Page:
Where oh where to start? January 11th, 2013, a day that started nicely enough, with the promise of national teams player allocation. Finally, the newly formed NWSL was moving toward actually fielding teams, but for some, the gnashing of teeth started even before the awaited announcement. Who will we get? Who won’t we get? How will (fill in the blank) diss us? Everyone from USSF to owners, coaches, and players were out to sabotage the teams/league by the allocation process. We won’t mention that the allocation process was not entirely in the hands of any of the above entities, but rather the final decisions were made by a 3rd party. Sure, owners were consulted to see which players/skill sets they were looking for and players were consulted as to where they’d like to play, but neither made that final decision.
And then it happened. The allocations were announced and WoSo social media erupted. You would have thought that NWSL had asked for everyone’s first born, or their iphone. Everyone from Gail in Grise Fiord to Carmen in Chiapas was lamenting the terrible hand they’d been dealt. The wailing drowned out the few and far between who were excited to see what their team could do with the talent they had just freely acquired. I purposely say freely because each team was given national team quality players which they could build a team around, big talents to anchor their efforts going forward. No new league could afford to acquire those players any other way.
The debates that ensued would be almost comical if it wasn’t for the fact that they were about players, real people with real feelings. Some, who decided not to seek their fortune overseas, where arguably they would be able to make more money and be treated better by foreigners than their own country.
This what I have to say to all the allocation naysayer, Shut Up! No really, shut up. You have just been handed thousands of dollars of quality players to build a team around and you’re complaining? Stop living in the past and move on. Pick a player, or a team, or even two and support. Support like a league and the livelihood of thousands of people depend on it. Support like your little sister is one of those kids that wants to play in a pro league when she grows up. Support like an adult that sees a pro women’s soccer league is good for more reasons than it gives you something else to bitch about.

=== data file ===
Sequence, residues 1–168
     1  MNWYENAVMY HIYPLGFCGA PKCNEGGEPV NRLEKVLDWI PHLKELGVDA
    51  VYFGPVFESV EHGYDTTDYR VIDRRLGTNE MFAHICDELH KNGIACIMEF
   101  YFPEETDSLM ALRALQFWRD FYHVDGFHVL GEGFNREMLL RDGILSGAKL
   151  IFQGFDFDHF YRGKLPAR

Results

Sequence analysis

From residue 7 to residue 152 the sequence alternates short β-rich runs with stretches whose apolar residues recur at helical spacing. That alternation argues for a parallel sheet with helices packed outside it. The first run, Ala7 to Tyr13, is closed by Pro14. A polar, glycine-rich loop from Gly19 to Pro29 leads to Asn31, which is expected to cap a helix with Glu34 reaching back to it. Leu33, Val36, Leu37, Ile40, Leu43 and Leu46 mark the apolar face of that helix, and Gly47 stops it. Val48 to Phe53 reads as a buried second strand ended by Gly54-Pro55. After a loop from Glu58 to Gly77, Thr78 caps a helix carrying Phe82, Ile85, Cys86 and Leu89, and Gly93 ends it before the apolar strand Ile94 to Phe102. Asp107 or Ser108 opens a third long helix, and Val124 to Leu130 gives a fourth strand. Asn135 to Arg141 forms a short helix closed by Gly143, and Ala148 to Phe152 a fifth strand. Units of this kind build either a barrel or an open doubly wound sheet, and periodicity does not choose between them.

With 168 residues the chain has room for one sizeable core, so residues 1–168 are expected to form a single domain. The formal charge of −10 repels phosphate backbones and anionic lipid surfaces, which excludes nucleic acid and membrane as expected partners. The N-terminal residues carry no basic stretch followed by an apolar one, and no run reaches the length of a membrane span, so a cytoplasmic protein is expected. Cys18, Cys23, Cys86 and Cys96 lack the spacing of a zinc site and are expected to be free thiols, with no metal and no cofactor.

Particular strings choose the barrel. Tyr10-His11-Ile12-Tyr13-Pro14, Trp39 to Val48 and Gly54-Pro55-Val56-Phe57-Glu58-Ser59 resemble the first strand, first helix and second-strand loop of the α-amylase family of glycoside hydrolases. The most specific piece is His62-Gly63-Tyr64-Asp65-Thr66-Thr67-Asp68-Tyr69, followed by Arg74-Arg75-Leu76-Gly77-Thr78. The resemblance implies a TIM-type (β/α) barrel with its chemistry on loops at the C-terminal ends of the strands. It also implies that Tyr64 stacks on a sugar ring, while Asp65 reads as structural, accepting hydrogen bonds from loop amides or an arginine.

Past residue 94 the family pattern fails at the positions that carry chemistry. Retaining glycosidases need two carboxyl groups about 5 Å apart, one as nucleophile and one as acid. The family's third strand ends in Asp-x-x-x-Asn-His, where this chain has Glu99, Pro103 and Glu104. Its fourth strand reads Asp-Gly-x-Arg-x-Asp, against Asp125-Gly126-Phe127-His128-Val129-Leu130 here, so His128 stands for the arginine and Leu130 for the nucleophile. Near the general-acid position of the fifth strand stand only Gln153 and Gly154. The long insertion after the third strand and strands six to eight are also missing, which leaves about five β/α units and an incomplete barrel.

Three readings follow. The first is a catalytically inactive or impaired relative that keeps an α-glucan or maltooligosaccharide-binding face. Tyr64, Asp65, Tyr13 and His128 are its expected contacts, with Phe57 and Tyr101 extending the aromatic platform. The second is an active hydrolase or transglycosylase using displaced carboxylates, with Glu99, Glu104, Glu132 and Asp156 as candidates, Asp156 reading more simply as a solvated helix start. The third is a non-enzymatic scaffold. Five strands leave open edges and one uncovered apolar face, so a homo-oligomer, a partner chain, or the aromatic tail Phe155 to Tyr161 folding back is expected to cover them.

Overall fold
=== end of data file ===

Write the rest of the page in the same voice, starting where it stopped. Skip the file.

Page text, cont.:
Maybe you’re not in a financial position, or a geographical location, to go to games, but you can support in so many other ways. First and foremost, you can support your chosen teams/players by giving them positive feedback. Don’t just tag the team on twitter when they do something you don’t agree with, tell them when they get it right. And if you do disagree, be civil and respectful. Second, follow them on all social media and share with friends, colleagues, strangers, the passion you have for them.The teams are made up of people who are doing their best to give you what you want, a pro soccer league, help them out. Third, move on. This is not WUSA or WPS. Many feel scorned by the demise of those two leagues and I agree it was painful, but move on. Do your very best to make sure that NWSL does not go that route.
Help build a fan base that is focused on getting the very best product on the field and in the stands. Maybe you don’t have as much influence on the product on the field as we all want, but you can make sure the very best product is in the stands. In this case with teams being primarily in small geographical areas, the stands are the internet. Become a league supporter as well as a team/player supporter. If a team that you don’t necessarily root for is streaming a game, watch. Numbers count folks, not just ticket numbers, but viewer numbers, too. And the same if a game is televised. Even though you may not support a team, if their game gets televised watch it! Remember it’s a league we’re after and every bit of measurable support counts.
I understand it is the very nature of sport to analyze and compare, to pick apart every bit of minutia available, but remember the big picture. The price we may have to pay to get this league off the ground in the first season is to dial back the most negative thoughts we have and keep them for discussion in private. Or better yet, lets try to present them in a positive light, which after all is the very, very best of snark.
P.S. To all you USWNT naysayers: You might want to zip it for a while, too. This is a new year, a new cycle with a new coach. Give the process a chance to play out before you start flogging everything associated with the USWNT, ever. Let the coach and players, present and prospective, show you what they’ve got. Then you can flog away, civilly and respectfully.
C’mon NWSL fans, show us your good side! And GO Boston Breakers!